Nearly 7 in 10 LGBT people say they have been sexually harassed at work, says TUC
Nearly 7 in 10 (68%) lesbian, gay, bisexual and trans (LGBT) people report being sexually harassed at work, according to new research published by the TUC on International Day Against Homophobia, Transphobia and Biphobia today.
The report – the first major study into LGBT sexual harassment at work in Great Britain – found that:
- More than 2 in 5 (42%) LGBT people who responded to the survey said colleagues made unwelcome comments or asked unwelcome questions about their sex life.
- More than a quarter (27%) reported receiving unwelcome verbal sexual advances.
- Two-thirds (66%) said they did not tell their employer about the harassment, and quarter of those said they didn’t report because they were afraid of being ‘outed’ at work.
According the survey, LGBT women were more likely to experience unwanted touching and sexual assault at work.
- Over a third of women (35%) reported they had experienced unwanted touching, for example placing hands on their lower back or knee
- Over one fifth (21%) reported experiencing sexual assault, for example unwanted touching of the breasts, buttocks or genitals, or attempts to kiss them
- One in eight (12%) LGBT women said they had been seriously sexually assaulted or raped at work.
BME women and disabled men and women reported even higher rates of harassment and sexual assault.
- More than half (54%) of LGBT BME women said they have experienced unwanted touching at work, 45% reported sexual assault and more than a quarter (27%) reported serious sexual assault or rape.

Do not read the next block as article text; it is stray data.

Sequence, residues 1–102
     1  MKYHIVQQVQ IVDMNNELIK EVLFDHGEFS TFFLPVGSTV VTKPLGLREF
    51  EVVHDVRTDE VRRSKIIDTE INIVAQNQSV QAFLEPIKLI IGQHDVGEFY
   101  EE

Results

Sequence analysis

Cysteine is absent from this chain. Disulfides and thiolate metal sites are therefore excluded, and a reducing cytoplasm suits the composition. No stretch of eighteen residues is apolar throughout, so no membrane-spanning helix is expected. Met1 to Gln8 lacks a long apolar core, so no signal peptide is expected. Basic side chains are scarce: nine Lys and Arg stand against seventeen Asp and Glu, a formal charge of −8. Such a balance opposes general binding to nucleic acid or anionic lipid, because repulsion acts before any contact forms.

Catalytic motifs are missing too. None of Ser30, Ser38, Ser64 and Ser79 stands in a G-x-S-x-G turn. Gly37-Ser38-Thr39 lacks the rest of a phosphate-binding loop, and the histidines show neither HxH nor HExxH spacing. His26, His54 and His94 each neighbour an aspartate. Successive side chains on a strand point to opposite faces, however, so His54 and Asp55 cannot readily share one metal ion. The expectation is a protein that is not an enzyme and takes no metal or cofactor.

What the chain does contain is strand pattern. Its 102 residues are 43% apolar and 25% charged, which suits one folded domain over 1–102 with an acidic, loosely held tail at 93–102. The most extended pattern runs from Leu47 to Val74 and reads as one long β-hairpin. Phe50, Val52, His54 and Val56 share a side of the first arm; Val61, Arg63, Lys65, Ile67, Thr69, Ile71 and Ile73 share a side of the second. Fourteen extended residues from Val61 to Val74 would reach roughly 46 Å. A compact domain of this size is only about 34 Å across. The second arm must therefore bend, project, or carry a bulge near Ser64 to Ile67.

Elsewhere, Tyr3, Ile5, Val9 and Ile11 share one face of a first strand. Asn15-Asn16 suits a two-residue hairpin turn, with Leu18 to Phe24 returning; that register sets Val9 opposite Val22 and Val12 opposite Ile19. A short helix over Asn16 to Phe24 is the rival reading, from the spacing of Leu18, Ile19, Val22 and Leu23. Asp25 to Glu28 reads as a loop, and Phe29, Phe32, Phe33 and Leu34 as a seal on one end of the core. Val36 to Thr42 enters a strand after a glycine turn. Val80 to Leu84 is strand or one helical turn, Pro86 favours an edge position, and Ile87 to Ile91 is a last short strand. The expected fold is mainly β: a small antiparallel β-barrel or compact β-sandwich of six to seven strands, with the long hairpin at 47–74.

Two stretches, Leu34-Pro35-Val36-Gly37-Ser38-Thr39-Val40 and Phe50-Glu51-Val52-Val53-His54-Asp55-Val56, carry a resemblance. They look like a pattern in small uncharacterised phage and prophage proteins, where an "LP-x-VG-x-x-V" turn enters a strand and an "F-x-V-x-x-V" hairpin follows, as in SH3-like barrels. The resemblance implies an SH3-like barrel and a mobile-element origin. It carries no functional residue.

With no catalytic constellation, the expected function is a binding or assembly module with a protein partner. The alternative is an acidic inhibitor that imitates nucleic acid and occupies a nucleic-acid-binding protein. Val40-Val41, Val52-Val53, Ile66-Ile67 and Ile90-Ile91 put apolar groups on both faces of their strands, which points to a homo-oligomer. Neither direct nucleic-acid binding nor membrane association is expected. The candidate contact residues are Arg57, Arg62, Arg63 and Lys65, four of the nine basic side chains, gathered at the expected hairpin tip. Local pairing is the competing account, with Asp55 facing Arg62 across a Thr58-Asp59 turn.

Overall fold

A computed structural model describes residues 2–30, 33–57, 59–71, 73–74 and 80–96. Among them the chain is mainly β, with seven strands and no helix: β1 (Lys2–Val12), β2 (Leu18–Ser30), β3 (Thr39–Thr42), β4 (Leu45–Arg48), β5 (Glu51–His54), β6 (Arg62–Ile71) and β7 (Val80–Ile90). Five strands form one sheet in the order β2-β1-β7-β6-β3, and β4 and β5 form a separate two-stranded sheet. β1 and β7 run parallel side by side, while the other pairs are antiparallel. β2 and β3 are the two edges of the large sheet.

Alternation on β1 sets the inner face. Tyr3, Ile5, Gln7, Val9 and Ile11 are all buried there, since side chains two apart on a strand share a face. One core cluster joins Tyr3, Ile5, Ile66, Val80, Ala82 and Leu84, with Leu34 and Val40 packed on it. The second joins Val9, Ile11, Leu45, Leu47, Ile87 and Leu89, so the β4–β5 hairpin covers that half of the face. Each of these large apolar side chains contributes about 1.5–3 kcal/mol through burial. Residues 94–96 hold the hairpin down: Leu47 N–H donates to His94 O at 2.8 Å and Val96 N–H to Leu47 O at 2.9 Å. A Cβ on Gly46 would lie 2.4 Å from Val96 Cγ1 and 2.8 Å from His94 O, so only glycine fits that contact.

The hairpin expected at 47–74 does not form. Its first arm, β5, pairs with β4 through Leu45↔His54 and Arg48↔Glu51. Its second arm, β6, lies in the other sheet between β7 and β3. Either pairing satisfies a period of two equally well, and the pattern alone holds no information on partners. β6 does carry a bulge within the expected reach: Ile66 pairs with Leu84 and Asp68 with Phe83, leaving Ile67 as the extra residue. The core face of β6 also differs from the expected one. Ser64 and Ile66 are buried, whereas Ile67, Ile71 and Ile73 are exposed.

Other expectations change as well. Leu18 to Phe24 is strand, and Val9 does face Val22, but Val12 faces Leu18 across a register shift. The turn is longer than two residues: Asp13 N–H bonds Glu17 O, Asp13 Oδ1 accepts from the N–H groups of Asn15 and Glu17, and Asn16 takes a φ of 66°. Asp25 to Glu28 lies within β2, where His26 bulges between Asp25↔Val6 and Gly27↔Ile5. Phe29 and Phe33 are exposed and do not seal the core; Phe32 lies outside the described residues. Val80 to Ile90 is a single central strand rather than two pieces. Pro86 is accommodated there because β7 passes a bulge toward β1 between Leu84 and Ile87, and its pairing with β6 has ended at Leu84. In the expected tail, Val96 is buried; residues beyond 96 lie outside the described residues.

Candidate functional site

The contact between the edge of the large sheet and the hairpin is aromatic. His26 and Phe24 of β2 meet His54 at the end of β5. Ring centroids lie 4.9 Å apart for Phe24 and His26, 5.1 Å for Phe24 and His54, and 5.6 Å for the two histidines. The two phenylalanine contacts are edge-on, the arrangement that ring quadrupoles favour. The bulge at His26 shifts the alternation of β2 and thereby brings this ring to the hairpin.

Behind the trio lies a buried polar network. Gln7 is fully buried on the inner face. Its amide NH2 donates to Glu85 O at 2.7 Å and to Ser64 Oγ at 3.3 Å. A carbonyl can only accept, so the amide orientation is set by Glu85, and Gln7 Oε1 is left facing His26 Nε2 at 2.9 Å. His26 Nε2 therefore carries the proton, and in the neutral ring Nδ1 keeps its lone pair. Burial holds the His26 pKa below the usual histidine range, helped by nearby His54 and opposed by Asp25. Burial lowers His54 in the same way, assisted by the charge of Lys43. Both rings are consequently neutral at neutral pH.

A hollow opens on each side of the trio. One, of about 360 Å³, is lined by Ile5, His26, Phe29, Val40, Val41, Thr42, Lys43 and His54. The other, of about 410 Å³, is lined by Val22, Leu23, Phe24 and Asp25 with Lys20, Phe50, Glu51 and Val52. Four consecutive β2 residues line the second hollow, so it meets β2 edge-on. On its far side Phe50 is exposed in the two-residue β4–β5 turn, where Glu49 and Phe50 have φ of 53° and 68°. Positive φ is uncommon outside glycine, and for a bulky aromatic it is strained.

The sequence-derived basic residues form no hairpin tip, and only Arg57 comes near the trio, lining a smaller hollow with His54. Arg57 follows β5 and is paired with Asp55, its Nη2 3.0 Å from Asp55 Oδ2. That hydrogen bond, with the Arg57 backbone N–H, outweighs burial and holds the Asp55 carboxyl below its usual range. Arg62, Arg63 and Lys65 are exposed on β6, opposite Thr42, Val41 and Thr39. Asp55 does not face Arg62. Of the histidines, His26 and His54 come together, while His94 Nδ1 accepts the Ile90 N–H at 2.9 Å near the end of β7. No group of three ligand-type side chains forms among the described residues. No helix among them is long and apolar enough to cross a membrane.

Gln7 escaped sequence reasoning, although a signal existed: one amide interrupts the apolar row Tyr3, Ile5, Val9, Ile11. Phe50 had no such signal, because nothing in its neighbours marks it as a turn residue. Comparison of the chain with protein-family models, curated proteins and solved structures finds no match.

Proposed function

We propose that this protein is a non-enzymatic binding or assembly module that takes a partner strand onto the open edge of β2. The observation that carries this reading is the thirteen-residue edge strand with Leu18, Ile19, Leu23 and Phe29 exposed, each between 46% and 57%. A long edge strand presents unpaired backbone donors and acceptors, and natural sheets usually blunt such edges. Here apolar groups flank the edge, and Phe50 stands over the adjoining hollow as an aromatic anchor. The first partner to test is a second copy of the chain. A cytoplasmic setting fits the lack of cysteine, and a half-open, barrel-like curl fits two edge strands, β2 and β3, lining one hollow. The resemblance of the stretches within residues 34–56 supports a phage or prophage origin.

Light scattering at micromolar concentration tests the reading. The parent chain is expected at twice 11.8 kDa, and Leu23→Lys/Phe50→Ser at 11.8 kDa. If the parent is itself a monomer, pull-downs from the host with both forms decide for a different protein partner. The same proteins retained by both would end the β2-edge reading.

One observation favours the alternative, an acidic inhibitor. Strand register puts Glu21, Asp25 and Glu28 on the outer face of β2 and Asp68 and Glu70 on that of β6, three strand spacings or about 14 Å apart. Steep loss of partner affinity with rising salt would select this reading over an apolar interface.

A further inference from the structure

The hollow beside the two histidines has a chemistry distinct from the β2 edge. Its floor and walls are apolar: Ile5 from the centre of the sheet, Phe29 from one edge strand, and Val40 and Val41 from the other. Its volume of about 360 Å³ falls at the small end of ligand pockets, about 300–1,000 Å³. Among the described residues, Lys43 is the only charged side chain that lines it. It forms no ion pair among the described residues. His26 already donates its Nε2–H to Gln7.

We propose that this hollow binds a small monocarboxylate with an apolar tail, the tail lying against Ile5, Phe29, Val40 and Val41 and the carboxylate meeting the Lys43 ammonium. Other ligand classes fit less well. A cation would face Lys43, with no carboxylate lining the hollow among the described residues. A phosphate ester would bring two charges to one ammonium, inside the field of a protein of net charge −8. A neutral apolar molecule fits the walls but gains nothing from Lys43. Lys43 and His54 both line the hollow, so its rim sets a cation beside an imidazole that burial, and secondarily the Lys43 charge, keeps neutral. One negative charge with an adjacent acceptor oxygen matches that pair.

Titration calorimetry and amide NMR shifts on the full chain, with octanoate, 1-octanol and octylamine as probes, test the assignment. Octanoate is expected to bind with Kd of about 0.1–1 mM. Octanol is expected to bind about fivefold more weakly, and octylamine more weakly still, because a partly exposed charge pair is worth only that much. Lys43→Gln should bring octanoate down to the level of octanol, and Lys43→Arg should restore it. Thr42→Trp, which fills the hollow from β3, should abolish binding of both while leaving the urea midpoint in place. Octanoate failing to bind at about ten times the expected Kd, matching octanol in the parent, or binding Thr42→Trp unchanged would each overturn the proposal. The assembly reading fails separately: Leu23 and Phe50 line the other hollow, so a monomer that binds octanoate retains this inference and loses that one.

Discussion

- Half (50%) of LGBT disabled women reported unwanted touching, nearly 4 in 10 (38%) reported sexual assault and almost a quarter (24%) reported serious sexual assault or rape. Disabled men’s reported levels of sexual harassment and assault were significantly higher than non-disabled men, with more than 1 in 4 (28%) of disabled men reporting sexual assault.
LGBT people told the TUC these experiences had a big impact on their lives. Around 1 in 6 (16%) said the sexual harassment at work affected their mental health. A similar proportion (16%) told the TUC that they had left their job as a result of being sexually harassed – and for 1 in 25 described the experience as so unbearable that it caused them to leave their job without another job to go to.
TUC general secretary Frances O’Grady said: “This research reveals a hidden epidemic. In 2019 LGBT people should be safe and supported at work. But instead they’re experiencing shockingly high levels of sexual harassment and assault.
“Workplace culture needs to change. No one should think that a colleague being LGBT is an invitation for sexualised comments or inappropriate questions – let alone serious acts of assault.
“Government must change the law to put the responsibility for preventing harassment on employers, not victims. And anyone worried about sexual harassment at work should join a union.”
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